Being put on the waitlist of your dream MBA school is a painful outcome to the already exhausting process of MBA application. Last week, I was able to help one of my clients celebrate getting off the waitlist of a top-15 school in the US. But the happy ending isn’t always there. I have known people who were taken off the waitlist while attending the orientation of their Plan-B school.Some were able to do a U-turn; some didn’t have the energy to switch gears so late in the game.
The first step is to evaluate your status and chances of getting into the school from the waitlist. If you didn’t interview and the school’s policy is to interview 100% of its students, your chances of getting in are pretty low. It would be much easier for the admissions committee to admit someone they have already seen in person. While you could be a better fit than other applicants who interviewed and got waitlisted, the school can’t know that for sure, and won’t have time to interview you – once spots open up in the program, they want to move ahead and fill them as soon as possible.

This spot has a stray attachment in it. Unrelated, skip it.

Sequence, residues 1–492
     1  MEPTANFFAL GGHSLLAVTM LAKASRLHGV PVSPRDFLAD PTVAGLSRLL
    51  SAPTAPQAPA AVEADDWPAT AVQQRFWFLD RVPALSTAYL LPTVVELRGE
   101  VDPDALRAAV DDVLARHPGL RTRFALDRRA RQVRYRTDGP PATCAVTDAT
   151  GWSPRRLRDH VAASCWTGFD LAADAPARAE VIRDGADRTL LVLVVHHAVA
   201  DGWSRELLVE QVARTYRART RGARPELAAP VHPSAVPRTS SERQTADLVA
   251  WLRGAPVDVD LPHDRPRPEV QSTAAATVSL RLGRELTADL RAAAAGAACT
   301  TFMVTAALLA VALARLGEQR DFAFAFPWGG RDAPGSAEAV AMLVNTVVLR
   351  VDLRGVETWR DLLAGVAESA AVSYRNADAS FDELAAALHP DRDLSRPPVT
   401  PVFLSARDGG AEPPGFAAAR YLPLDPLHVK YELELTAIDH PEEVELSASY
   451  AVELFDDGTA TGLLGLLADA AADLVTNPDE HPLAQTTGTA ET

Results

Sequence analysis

If you had your interview and the outcome was a waitlist, you need to figure out whether it was because of the interview, or despite it. Understanding the dynamics of the interview is critical to identifying what actions you should take next. You also want to be realistic in managing your plans for the next year – if you have already been admitted to other programs that you like enough to attend, you should pay the deposit and start getting excited and positive about what was probably your Plan B. . . . If you have not been admitted into any other schools, you should consider applying in the third round, or waiting for the first round in the fall. You should consider the outcome of this application cycle as a reality check, and try to figure out how you can improve your application next year.